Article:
Certainly it is from experiencing [the] generosity of God … that we learn gratitude and to be generous to others.
Humility, Generosity and Gratitude
Like humility, generosity comes from seeing that everything we have and everything we accomplish comes from God’s grace and God’s love for us… Certainly it is from experiencing this generosity of God and the generosity of those in our life that we learn gratitude and to be generous to others.
Desmond Mpilo Tutu (7 October 1931 – 26 December 2021) was a distinguished South African Anglican Archbishop and theologian known globally for his dedicated work as an anti-apartheid and human rights activist. His involvement in the fight against racial segregation in South Africa during the apartheid era was steadfast and resulted in significant contributions to the nation's quest for racial equality. In recognition of his efforts, Tutu was awarded the Nobel Peace Prize in 1984. His leadership and moral courage were instrumental in transitioning South Africa towards a more reconciled society.
Tutu was deeply religious and his belief in God, perceived as both a Heavenly Father and Heavenly Mother, played a major role in his life and advocacy. This belief, which extended beyond traditional Anglican theology, played a significant role in his stance on gender equality. His faith, therefore, wasn't simply a personal doctrine, but it also guided his public advocacy and influenced his approach towards human rights.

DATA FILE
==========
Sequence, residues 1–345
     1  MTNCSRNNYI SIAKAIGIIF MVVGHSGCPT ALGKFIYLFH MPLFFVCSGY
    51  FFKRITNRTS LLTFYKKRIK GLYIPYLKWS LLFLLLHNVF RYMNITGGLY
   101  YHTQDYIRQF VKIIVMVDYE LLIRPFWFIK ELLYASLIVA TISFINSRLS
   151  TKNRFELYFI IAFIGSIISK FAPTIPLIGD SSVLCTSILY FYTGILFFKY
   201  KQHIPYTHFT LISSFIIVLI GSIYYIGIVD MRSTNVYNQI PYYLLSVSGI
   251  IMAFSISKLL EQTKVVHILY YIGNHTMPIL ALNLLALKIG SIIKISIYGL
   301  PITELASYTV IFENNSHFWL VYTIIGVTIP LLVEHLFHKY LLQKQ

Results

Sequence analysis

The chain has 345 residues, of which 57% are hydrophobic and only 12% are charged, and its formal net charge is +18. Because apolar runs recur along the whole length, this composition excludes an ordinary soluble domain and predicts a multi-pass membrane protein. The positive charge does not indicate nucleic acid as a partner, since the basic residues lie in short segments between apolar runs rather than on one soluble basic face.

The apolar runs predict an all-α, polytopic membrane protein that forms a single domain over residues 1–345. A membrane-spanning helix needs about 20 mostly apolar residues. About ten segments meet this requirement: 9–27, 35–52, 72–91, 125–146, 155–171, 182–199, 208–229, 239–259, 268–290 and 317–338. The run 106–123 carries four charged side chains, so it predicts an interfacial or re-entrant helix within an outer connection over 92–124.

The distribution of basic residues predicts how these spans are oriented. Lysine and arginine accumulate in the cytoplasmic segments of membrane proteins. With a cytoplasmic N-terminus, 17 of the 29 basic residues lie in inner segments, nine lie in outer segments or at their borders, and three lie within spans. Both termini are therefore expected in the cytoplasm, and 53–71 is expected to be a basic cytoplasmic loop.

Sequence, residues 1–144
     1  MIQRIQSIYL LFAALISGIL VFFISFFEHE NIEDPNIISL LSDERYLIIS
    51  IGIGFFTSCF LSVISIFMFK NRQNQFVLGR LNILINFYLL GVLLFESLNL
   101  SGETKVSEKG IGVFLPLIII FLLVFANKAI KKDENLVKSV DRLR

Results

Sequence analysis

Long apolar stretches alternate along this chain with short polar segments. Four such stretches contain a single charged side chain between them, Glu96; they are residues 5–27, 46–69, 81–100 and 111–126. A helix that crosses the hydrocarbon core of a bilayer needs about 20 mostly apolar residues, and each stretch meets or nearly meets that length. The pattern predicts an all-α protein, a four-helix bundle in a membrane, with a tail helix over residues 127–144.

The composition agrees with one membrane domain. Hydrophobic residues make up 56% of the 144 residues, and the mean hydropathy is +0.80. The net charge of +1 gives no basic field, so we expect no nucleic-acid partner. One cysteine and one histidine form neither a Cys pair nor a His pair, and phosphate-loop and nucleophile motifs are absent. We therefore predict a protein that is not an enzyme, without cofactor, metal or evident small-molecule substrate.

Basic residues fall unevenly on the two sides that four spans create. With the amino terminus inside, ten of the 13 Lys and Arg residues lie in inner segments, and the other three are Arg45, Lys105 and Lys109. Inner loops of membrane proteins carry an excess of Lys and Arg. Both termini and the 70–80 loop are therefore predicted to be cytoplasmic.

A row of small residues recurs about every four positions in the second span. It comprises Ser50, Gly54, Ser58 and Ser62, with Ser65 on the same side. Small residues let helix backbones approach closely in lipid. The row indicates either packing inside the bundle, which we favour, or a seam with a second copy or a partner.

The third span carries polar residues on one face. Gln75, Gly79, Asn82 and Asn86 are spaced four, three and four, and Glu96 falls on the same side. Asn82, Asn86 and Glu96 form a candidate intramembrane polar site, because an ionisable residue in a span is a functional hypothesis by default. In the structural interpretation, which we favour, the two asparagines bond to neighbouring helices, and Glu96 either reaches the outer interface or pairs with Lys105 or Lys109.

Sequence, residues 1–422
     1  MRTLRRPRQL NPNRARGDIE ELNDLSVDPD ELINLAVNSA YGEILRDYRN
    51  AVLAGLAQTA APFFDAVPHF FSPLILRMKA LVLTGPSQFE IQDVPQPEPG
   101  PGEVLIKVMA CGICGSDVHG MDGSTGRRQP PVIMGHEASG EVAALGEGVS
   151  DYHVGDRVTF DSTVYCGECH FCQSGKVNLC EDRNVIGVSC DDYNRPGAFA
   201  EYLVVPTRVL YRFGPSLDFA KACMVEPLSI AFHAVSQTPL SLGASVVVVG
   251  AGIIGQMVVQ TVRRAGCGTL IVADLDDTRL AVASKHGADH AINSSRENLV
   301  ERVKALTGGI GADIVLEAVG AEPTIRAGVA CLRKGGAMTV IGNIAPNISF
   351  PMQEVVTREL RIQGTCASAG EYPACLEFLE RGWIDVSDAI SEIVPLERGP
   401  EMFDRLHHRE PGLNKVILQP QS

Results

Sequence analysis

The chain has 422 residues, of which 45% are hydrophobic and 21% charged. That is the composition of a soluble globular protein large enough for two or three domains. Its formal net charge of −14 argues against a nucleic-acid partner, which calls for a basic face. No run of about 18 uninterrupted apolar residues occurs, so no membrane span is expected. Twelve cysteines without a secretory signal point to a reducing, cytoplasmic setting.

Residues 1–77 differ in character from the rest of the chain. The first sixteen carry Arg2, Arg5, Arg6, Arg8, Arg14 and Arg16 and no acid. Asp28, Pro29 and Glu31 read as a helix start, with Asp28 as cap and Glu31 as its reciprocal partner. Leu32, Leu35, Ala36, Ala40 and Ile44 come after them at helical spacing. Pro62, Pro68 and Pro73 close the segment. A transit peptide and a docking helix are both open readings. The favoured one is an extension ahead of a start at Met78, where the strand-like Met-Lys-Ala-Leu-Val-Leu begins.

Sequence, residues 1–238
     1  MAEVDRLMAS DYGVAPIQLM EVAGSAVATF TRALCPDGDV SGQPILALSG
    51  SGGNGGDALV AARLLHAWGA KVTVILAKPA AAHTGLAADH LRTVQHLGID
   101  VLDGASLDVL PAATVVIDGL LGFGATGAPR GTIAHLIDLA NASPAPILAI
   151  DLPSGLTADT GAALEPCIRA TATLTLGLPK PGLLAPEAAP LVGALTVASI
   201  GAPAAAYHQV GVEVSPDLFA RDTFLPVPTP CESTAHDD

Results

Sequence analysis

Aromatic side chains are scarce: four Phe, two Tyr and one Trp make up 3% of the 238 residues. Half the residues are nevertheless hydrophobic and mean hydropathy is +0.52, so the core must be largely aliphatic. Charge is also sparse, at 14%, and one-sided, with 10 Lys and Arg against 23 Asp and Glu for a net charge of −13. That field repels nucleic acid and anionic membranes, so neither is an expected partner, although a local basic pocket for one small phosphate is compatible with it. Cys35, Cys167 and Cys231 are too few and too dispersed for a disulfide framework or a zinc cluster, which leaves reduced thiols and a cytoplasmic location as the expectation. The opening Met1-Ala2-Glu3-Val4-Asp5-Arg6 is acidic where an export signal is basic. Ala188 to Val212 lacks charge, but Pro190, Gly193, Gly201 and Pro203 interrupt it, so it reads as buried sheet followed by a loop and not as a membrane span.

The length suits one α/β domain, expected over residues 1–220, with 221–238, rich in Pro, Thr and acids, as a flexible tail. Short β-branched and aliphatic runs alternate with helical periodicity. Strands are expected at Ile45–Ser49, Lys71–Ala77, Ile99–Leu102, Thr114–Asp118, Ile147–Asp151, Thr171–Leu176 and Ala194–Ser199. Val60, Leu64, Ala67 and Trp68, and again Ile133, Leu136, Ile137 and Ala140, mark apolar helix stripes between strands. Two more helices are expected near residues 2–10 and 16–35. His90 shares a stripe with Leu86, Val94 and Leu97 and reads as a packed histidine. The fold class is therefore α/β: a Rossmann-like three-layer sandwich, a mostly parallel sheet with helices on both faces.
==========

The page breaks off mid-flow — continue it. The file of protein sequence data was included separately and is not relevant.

Tutu was also a strong proponent of Ubuntu, an African philosophy that stresses the interconnectedness of humanity. This concept aligns with the idea that one's well-being is tied to the well-being of others. Tutu's acknowledgment of advancements in human rights and his continued efforts for improvement were reflective of this philosophy. Despite the challenges he faced during the apartheid era, Tutu remained committed to advocating for a world where peace, justice, and dignity were accessible to everyone. Through his lifetime, Desmond Tutu left an enduring mark on society, and his legacy continues to inspire those who pursue equality and human rights.
God Has A Dream
Tutu, Desmond. God Has a Dream: A Vision of Hope for Our Times. Edited by Douglas Abrams, Rider, 2004, p. 86 [Archbishop Desmond Mpilo Tutu, God Has a Dream: A Vision of Hope for Our Times].